But, if the experience of other countries is any guide, a single-payer health-care plan or even government-managed care brings all kinds of waiting lists with it. In 2012, it was discovered that more than 7,000 patients in just a few Scottish hospitals had been wrongly removed from waiting lists for surgery in order to pretend to meet government targets for treatment. One trick was offering to perform surgery on a date when hospital officials knew a patient would be away on holiday, then dropping the patient from the wait list for “refusing” the date.

Sarah Boyack, a member of the Scottish Parliament, called the figure of 7,000 “astonishing,” given that “an extra five million pounds [$8 million] has been pumped into the NHS [National Health Service] to help cut the waiting list” in the affected hospitals. 

Not that NHS patients in hospitals without waiting-list scandals are that much better off. In all of the United Kingdom, NHS patients wait an average of about eight weeks for treatments that require admission to a hospital, four weeks for out-patient treatments, and two weeks for diagnostic tests. While NHS patients have a choice of hospitals, they cannot always choose their specialist.

The situation in Canada, a nation whose government-run health-care system has long been touted by liberal supporters of government in health care, is also dire. Last year, the respected Fraser Institute published a study on Canadian wait times for surgery. Among its finding are these:

In 2013, those requiring orthopaedic surgery were forced to endure waits of more than nine months (39.6 weeks) to receive treatment, while others had to wait for slightly more than four months (17.4 weeks) just to receive an appointment with a neurosurgeon. On the other hand, cancer patients in line for radiation therapy faced the shortest expected wait times for treatment after referral by a general practitioner (3.5 weeks).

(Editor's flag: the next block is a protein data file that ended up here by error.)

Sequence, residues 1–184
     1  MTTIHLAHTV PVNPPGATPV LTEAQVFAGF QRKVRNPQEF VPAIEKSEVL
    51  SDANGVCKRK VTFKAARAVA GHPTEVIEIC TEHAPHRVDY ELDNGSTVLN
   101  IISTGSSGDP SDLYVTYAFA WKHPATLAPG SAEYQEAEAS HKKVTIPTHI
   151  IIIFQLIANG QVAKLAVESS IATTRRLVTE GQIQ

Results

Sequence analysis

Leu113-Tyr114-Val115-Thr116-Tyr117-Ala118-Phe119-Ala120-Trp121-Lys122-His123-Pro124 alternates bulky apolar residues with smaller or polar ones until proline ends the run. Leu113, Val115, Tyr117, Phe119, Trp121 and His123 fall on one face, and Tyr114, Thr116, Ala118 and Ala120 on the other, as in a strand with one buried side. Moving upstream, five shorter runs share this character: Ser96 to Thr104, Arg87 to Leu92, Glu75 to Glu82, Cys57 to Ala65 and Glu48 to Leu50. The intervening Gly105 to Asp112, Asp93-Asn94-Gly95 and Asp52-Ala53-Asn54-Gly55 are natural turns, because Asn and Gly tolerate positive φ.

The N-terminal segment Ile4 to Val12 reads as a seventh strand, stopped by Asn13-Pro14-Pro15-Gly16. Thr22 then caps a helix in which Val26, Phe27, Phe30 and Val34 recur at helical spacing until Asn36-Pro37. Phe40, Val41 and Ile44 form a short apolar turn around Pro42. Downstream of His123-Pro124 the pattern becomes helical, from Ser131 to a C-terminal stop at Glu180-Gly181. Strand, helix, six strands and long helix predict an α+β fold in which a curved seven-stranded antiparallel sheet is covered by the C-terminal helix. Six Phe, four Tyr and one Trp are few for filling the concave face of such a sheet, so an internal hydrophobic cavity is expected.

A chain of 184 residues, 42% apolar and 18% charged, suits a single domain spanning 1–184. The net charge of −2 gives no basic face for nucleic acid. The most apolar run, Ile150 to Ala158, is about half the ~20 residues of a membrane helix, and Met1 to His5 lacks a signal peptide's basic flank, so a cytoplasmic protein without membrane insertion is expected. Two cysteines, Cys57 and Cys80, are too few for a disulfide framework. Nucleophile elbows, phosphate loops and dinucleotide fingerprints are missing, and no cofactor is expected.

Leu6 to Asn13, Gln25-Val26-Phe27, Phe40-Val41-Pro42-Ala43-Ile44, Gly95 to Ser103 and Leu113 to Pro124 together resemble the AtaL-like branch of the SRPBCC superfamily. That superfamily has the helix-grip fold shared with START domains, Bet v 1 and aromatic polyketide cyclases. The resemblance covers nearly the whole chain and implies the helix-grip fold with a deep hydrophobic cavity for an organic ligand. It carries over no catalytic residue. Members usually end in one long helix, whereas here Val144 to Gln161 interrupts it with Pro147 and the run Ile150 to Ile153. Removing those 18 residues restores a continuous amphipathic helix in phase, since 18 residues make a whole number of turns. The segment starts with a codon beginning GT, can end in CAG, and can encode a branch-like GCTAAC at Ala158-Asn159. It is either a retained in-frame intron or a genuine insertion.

Currently, one in 34 Canadians may be in pain, off work, or suffering from depression as they wait their turn for treatment.

The 2013 median waiting time of 18.2 weeks is about three days longer than 2012, and substantially longer than 1993 when it was just 9.3 weeks. 

Bacchus Barua, the Fraser Institute’s senior health-policy analyst and the report’s lead author, writes: “Simply putting someone on a list is not the same as providing necessary medical attention in a timely manner.”

The veterans’ hospital scandals now in the news in the United States show just how bad things can get when the pressure of patient demand and waiting lists affects bureaucratic behavior. As many as 40 veterans reportedly died at a Phoenix veterans’ facility because they couldn’t get the care they needed. VA administrators there and at other hospitals apparently covered it up by establishing secret waiting lists and falsifying reports.

No one is suggesting that such scandals are widespread in the general health-care system. But they should serve as a warning sign of what could happen as the pressure to ration, inherent in all government-managed health care, is applied to the general population.

— John Fund is national-affairs columnist at National Review Online.